The coalition is fractured.
Have you noticed this, like I have?
To use a cliché, it’s kind of like telling the Emperor that he has no clothes. Yet, as painful and embarrassing as that may be, it’s time that the “leaders” (whoever “they” may be today) of the “conservative movement” (whatever that may consist of today) step out of their state of denial, and come to terms with reality.
The Republican Party, having consisted of a coalition of three broad issues categories since the early 1980‘s, just isn’t what it used to be.
Historically, if your primary concerns for the country had to do with defense and national security, the Republican Party championed your issues. If you were mainly concerned about a high-functioning economy and reducing the burden of excessive taxation, you had a home within the Republican Party. And if your concerns were primarily about so-called “social issues” - - the definition of marriage and family, the rights of the unborn person, and so forth - - the Republican Party was where you belonged.
And as this three-pronged coalition has been meshing together over the past twenty-five years or so, the Democratic Party has often presented itself as a polar-opposite on key policy issues.
You don’t like increased federal spending on the military? You think our foreign policy is a little too “pro-America?” The Democratic Party is replete with rhetoric about “ending the war” and being more “collaborative” with entities like the United Nations.
If free-market enterprise makes you uncomfortable, the Democratic Party envisions a more collectivist-oriented economy that takes away from “the wealthy,” and gives back to the “poor” and the “middle class.”
And while some Americans might be alienated by the Republican Party’s concern about the rights of the unborn person and the definition of marriage, the Democratic Party has provided clear alternatives to such policies - - “progressive” ideas like partial birth abortion, and same-sex civil unions.
Under the leadership and vision of President Reagan, the Republican Party managed to hold these three categories of voters together pretty well. During the 1990’s the coalition seemed to become more galvanized, especially in the face of the far-left leaning policies that emerged from the early days of the Clinton Presidency.
And for a good five years or so, President Bush held the coalition together - - barely.
But now, as we move forward through yet another presidential election cycle, the coalition is fractured. And it would seems that there isn’t one viable Republican presidential candidate who can keep all three issues groups happy.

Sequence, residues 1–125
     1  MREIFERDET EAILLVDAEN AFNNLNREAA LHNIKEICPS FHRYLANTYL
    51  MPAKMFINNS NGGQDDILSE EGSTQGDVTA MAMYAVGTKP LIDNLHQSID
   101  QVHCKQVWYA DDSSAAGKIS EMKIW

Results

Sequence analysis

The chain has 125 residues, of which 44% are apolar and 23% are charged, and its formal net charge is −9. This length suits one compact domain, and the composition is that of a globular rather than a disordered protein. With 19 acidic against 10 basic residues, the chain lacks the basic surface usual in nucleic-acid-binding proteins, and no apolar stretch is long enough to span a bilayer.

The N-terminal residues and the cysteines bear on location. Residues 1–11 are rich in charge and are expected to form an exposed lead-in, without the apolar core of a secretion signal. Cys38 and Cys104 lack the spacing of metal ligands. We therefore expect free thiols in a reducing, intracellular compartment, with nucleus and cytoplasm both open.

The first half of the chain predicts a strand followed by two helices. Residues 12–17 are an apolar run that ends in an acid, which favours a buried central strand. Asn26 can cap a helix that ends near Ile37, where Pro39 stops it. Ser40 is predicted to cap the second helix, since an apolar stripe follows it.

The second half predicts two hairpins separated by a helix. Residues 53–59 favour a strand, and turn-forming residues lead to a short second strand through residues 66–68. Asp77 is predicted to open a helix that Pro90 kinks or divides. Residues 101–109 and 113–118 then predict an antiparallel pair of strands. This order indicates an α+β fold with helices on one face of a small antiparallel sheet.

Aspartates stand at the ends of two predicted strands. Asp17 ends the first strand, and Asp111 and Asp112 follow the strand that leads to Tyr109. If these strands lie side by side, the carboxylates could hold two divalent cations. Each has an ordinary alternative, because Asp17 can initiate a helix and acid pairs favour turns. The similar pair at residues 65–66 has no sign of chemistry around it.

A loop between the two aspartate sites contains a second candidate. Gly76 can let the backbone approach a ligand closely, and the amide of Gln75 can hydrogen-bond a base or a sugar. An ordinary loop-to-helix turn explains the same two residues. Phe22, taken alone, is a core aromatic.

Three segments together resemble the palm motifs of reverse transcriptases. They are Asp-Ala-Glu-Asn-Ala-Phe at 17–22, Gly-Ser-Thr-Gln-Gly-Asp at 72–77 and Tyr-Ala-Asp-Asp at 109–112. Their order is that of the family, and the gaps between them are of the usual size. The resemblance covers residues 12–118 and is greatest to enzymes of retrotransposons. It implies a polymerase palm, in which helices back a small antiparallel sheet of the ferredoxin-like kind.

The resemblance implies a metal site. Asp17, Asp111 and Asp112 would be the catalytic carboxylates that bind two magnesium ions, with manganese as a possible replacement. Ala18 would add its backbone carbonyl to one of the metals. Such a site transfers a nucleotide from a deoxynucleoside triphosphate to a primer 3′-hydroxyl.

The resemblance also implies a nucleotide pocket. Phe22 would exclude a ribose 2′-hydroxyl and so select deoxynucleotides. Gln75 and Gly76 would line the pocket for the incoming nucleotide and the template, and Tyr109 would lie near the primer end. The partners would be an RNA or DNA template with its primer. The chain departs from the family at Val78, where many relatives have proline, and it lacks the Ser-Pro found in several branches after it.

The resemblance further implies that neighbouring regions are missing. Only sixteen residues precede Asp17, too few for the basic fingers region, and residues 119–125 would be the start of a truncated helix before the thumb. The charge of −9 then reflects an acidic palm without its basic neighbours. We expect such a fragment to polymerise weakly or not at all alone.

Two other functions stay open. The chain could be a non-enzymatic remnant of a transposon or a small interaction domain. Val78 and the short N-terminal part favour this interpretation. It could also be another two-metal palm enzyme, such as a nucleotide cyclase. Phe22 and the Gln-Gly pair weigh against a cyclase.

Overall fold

What about Mike Huckabee? He’s got the goods for the social conservatives (at least in Iowa), but he’s questionable, at best, when it comes to fiscal policy. Equally as troubling, he has demonstrated a lack of discretion as to when and where to play his “faith card” (can I guy who wants to “take back America for Christ” really get elected???). Worse still, he’s been quite willing to play upon the ungrounded fears many evangelicals have of Mormons, exacerbating an already contentious alliance.
John McCain? It’s tough for any “Reagan conservative” to not love a leader who valiantly wore the uniform, suffered torture at the hands of communists, and then went on to become a “pro-defense” Senator. It’s also tough for a Reagan conservative to embrace a Senator who voted against tax cuts, no matter what his party affiliation is.
How about Mitt Romney? A former Governor who has “real world” private sector business experience, plus MBA and J.D. credentials from Harvard, would seem like a Republican presidential dream come true. But he may be too recent of a convert to his conservative views of marriage and abortion, to satisfy the social conservative movement. And as shameful and narrow minded as it is, many religious social conservatives (including the movement‘s “leaders” ) simply refuse to embrace a candidate whose theology isn’t “correct,” even if his policy positions are.
Maybe Fred Thompson can unite us. He would seem to have the correct policy positions on all three fronts (not withstanding Dr. James Dobson’s assertions that Thompson is “not a Christian”). Unfortunately, Thompson for whatever reason has made a point of repeatedly reminding us how much he dislikes campaigning, and even insinuated to a news reporter last fall that he doesn’t believe that he can get elected anyway. And regardless of how Thompson feels about himself, primary election voters have thus far felt very little for him. But frustration with the candidates is a small part of the problem. The real dilemma facing the Republican Party today is the fact that the “leaders” of the three big issues categories don’t get along very well. While in reality the three groups form a relationship of core necessity, they nonetheless act as though their relationship is merely one of short-term political convenience.
The “short term” may soon be over. And the future of the party, as well as the presidency, is anything but clear.